A Simple Lesson Structure for Engaging Literate Minds
Structures can help ensure productive and thoughtful instruction
|Matt Renwick||May 28|
Last week our school surveyed almost 100 families about remote instruction. Additionally, I met with every team and department in my school to debrief on the year. What did I learn from their perspectives about our new normal?
Many helpful insights, and they communicated three needs as we prepare for the possibility of continued teaching and learning from a distance.
Access. This includes a strong Internet connection and reliable device, as well as access to adequate learning environments and proper supports.
Structures. This includes clarity of expectations and schedules, as well as structures applied to how instruction begins, unfolds, and resolves.
Engagement. This includes an emotional/social commitment to learning, as well as higher intellectual engagement with the content or skill.
In this article, I want to focus on structures as they apply to online spaces. Specifically, what routine or protocol do we employ within literacy instruction that could help translate to a successful learning experience mediated by technology?
While reading the many descriptions of classrooms in Engaging Literate Minds, I wrote out the pattern I noticed the teachers seemed to follow during instruction. Below is a cleaner and more appealing visual of this teaching-learning process.
This is a similar process I used when teaching graduate courses in curriculum leadership. All five elements involve learners participating in authentic activities; you could see each one occurring in the real world.
Next are two examples, one primary and one secondary, to show how this structure could be utilized in classrooms, online or in-person.
This lesson can be an introduction to a poetry unit for elementary students. It could be a reading-writing genre study and begins with a biography about a poet (William Carlos Williams) and his well known poem, “The Red Wheelbarrow”. All activities are possible within video conference applications such as Zoom.
Issue/Topic/Idea: Appreciating Poetry
Big Question (+ Learning Intention): Why do we need poetry? (Poetry allows people to express ideas, feelings and themselves.)
Text(s): Read aloud 16 Words: William Carlos Williams & “The Red Wheelbarrow” by Lisa Rogers & Chuck Groenink (picture book)
To listen with genuine interest to other’s ideas
To clarify what someone else is saying
Literacy-in-Action (write, speak, reflect, self-assess): After facilitating discussion around the book, including the point that language can exist for itself and to simply allow someone to express their observations or ideas, the teacher models how to write their own 16 word poem about something they notice a lot and care about. Then gradually release the students to write their own poetry via shared demonstration. Whenever the lesson ends, either in a couple or many days, reflect on the varied ways everyone expressed themselves - talking, responding, writing - during this experience.
This lesson can also be an introduction to a unit for older students on opinion writing. Another reading-writing genre study which begins with two articles expressing positions on both sides of vegetarianism. Each subsequent lesson introduces new topics via persuasive writing that represents diverse positions, eventually utilizing students’ own writing as models. All activities are possible in video conference applications such as Zoom.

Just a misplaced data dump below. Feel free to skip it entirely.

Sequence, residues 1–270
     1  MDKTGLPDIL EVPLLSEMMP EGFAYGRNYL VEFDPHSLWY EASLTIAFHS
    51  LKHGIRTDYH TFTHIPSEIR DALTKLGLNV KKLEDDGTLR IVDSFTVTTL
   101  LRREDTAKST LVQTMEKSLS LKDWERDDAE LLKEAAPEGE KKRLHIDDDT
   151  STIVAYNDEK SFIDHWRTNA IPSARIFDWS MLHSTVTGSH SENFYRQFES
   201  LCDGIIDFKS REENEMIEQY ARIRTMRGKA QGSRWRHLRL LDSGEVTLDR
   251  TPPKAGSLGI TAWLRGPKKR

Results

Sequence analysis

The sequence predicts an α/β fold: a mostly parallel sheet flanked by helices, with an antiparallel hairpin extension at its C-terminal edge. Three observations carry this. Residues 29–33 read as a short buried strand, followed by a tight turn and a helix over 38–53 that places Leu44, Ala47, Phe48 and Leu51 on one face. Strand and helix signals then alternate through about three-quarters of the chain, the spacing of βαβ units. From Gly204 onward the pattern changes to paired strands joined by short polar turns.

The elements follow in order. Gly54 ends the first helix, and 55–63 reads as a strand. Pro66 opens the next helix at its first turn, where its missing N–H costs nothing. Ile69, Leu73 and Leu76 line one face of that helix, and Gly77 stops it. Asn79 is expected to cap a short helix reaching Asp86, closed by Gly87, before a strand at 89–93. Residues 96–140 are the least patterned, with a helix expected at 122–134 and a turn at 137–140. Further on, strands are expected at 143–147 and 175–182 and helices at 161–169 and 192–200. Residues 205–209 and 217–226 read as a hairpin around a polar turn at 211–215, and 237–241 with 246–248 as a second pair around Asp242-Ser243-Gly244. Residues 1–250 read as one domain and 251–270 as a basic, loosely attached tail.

Issue/Topic/Idea: Persuasive Writing
Big Question (+ Learning Intention): How do I persuade someone? (Forming an opinion and persuading someone else to think as you do are two different things.)
“The End of Meat is Here” by Jonathan Safran Foer (The New York Times)
“The Truth About Vegetarianism” by Lierre Keith (Mother Earth News)
To identify the elements of effective persuasive writing
To raise awareness of our own biases and inability to take in new information
Literacy-in-Action (write, speak, reflect, self-assess): After facilitating discussion around the articles, including the language the writers used to express their positions and supporting ideas, the teacher models how to write a draft of their own opinion article on a topic they care about. Then gradually release students to write their own persuasive essays. Whenever the lesson ends, either in a couple days or many days, allow students to share their work with a peer, discussing strengths and asking questions. Encourage students to submit their essays as op-eds for a newspaper.
Download: Lesson Template for Literacy Engagement
The Most Important Part of This Process
You might have noticed there was no specific learning target or lesson objective in the beginning of each plan. Skills and content were embedded within a more general learning intention, but they were not the exclusive focus.
The one part I cannot articulate well might be the most important part of this learning process: discussion. It’s that opportunity, if guided effectively, for people to voice their thinking about the text(s) and the ideas without worrying about making a mistake. Discussion gives everyone the chance to teach and learn from each other. It allows the teacher to position responsibility for instruction more on the group and each student.
In other words: to increase student engagement, we must reduce our instruction. (See Peter Johnston’s blog post for more on this precept.)
What are your thoughts on this structure? Do you feel it would be applicable as is, or how might you change it to meet your needs? Share your feedback in the comments. And if you enjoyed this article, encourage colleagues to subscribe.